The activities distinctions are artificial and arbitrary; their overlaps often make them unworkable; charities need more flexibility, not less, if they are to meet current societal challenges. And in particular, as we’ve seen recently, there are looming policy arguments in favour of loosening some of the restrictions on charities’ political activities. If Canada believes in democracy and in an informed electorate, charities should not be excluded from the marketplace of ideas. If they are, society suffers.

Using a purposive approach, political activities for instance, would be acceptable, to the extent that they remain ancillary and incidental to a higher charitable purpose. This would eliminate the need to track and report in detail on such activities.

The same goes for fundraising activities or administrative activities. Any questions of fundraising abuse or misappropriation of funds can be addressed through the concept of undue private benefit, already present in the statute.

Finally, a purposive approach might signal to the courts that it is time for them to reassert their responsibility for making the definition of charity evolve rather than deferring to the will of Parliament as expressed in the Income Tax Act.

Refocusing the rules on the purposive approach of the common law is a potential solution that has received a fair amount of interest in the charitable sector in the past year. A purposive approach facilitates charitable action rather than controlling it. It addresses several existing problems. It would ensure better harmony between the Act and the common law, and also provide some underlying consistency to the income tax provisions.

Admittedly it also introduces some gray zones – but that may be what’s needed. The CRA loves bright lines. Bright lines are good for determining the amount of taxes you owe. But they’re ill-suited to determining whether an organization qualifies as a charity at common law. In the latter context, bright lines are inflexible, and result in the hide-bound application of administrative policies.

I’m afraid though that some people look at the purposive approach as a panacea, a cure-all – it may appear relatively simple in that it essentially involves eliminating references to “activities” in 149.1 and replacing them with references to “purposes,” where required. But this approach will not solve all income-tax issues with which the sector is wrestling. At best, it deals with some problems and it provides a unifying foundation on which further progress can be made. We all have to recognize that there are some areas where the fisc is genuinely concerned, and where there is a legitimate need for targeted provisions.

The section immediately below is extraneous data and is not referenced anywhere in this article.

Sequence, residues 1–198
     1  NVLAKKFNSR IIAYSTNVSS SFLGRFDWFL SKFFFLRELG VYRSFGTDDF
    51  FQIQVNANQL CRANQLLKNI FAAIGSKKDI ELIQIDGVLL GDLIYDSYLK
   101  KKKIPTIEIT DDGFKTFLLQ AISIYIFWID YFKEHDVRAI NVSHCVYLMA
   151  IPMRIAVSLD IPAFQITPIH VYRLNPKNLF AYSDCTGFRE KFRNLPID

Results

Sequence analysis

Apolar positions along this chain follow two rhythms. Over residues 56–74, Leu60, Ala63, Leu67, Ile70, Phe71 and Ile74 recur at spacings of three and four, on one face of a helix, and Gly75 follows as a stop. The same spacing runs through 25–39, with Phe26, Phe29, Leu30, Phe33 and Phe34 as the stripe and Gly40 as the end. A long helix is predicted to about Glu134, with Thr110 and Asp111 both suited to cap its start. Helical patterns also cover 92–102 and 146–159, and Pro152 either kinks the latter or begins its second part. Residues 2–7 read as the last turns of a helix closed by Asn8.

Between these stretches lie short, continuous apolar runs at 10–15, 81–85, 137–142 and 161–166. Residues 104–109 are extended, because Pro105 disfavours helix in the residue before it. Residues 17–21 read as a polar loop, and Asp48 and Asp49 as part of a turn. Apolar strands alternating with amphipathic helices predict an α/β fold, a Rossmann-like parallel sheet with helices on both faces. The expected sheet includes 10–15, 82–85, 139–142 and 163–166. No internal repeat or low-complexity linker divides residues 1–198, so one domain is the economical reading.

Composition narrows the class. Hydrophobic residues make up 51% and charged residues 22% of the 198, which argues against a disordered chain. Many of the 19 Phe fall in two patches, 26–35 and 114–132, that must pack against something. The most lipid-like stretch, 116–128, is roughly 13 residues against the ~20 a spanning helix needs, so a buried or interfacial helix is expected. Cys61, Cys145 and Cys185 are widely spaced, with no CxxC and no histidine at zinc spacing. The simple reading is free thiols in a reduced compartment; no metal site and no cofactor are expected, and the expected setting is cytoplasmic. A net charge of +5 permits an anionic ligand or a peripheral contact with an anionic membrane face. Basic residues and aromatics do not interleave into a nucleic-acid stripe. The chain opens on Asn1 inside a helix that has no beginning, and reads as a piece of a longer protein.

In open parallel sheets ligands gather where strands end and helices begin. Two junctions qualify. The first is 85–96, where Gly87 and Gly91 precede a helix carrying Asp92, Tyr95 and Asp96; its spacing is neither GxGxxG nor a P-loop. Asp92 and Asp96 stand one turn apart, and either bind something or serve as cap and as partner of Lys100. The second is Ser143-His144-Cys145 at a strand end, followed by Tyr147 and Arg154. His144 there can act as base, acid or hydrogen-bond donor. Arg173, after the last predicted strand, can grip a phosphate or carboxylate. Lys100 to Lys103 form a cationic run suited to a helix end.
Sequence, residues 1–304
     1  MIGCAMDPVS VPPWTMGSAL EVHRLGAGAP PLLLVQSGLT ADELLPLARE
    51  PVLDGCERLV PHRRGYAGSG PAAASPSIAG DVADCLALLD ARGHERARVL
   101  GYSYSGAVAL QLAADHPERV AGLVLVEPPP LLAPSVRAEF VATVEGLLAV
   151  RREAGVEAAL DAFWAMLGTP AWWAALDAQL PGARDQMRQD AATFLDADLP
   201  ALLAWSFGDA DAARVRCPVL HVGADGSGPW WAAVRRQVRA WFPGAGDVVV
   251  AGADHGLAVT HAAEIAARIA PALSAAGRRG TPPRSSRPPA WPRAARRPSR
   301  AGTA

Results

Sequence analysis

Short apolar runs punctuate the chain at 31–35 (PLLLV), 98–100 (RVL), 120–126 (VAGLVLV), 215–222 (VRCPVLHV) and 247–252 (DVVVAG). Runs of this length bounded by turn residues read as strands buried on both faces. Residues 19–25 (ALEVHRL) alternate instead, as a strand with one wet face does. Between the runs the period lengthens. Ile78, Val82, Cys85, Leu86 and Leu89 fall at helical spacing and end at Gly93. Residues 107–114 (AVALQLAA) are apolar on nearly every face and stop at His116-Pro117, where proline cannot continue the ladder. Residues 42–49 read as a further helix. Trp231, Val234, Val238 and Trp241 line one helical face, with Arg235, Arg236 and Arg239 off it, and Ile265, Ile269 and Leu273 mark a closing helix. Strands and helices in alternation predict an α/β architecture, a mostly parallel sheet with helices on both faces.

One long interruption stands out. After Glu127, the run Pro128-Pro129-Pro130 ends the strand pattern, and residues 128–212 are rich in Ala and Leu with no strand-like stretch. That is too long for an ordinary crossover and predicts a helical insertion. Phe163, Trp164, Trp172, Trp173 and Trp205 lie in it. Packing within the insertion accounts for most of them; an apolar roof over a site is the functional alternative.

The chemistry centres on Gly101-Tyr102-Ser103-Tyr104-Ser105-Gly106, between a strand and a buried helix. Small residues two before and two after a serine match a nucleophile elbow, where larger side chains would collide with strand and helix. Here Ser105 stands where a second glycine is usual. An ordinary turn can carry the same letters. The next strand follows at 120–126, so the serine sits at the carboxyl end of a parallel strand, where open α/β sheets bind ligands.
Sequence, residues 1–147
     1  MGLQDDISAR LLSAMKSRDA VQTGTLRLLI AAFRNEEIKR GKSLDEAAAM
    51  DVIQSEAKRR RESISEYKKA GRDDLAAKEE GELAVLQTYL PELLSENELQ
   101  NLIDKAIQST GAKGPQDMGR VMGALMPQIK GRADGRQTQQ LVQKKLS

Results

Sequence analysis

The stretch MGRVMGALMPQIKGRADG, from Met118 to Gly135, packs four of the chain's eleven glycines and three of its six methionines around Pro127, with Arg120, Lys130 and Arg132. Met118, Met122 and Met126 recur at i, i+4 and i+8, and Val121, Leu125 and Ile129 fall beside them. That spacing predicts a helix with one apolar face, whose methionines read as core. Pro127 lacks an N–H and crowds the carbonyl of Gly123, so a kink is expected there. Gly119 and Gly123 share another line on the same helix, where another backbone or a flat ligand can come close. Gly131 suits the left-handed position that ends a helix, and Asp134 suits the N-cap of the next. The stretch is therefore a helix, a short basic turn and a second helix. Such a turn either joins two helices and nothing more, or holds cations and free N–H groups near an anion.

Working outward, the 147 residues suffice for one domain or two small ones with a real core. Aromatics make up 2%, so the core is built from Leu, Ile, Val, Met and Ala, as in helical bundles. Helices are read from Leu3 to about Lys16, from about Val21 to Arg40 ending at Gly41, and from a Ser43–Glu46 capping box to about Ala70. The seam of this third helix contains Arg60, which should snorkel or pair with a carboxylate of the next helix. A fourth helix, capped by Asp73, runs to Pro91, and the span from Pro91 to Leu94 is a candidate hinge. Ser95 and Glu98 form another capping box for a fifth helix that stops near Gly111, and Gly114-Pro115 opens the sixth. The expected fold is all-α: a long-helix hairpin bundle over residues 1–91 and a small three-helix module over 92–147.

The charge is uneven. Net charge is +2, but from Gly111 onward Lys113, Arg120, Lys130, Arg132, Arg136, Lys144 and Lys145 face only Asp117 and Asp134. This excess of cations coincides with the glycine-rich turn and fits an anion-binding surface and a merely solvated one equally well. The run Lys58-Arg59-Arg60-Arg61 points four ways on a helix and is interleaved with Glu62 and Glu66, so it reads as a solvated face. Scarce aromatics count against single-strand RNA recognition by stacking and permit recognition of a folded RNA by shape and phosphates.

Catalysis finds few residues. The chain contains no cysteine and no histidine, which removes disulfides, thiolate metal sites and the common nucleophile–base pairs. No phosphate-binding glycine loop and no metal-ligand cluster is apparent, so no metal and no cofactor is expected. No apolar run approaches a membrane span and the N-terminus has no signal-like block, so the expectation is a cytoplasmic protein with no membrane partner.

In particular, there would likely have to be a provision preventing partisan political activity. Otherwise, charities could be used – especially by large and powerful financial interests – to circumvent election financing rules. Still, involvement in partisan politics needs to be better defined than at present. The notion of electioneering used in the United States for instance, is far easier to understand and pin down.

Business involvement is another area. Even if, at common law, charities can’t engage in profit-making enterprises directly, government will want to address the potential for charities to compete unfairly from a tax-exempt position, against tax-paying businesses. However, any regulation of charities’ business involvement should specify what kinds of activities charities can’t undertake, rather than leaving the matter open-ended and ill-defined as it is now, and it would need to allow for hybrid ventures like social financing and social enterprise.

On Canadian charities that operate outside Canada, I recognize there is a legitimate need to prevent Canadian charities from channeling funds abroad to less savoury activities. But the “direction and control” rules directly impact Canadian charities’ ability to engage in effective partnerships, and they are arguably ultra vires. They affect project funding; they affect the management of resources; and they affect the perceptions and the principles of international humanitarian aid. It is difficult if not impossible to conciliate the existing rules with accepted best practices in the international arena and with the notion of equitable partnerships. Current international approaches to foreign aid favour integrated operations among all actors, as well as localized action. We might consider, for instance, a more flexible regulatory structure such as the notion of expenditure responsibility used in the United States. And the direction and control issue also touches many charities that operate in Canada through intermediaries, such as United Ways, community foundations, and community arts councils.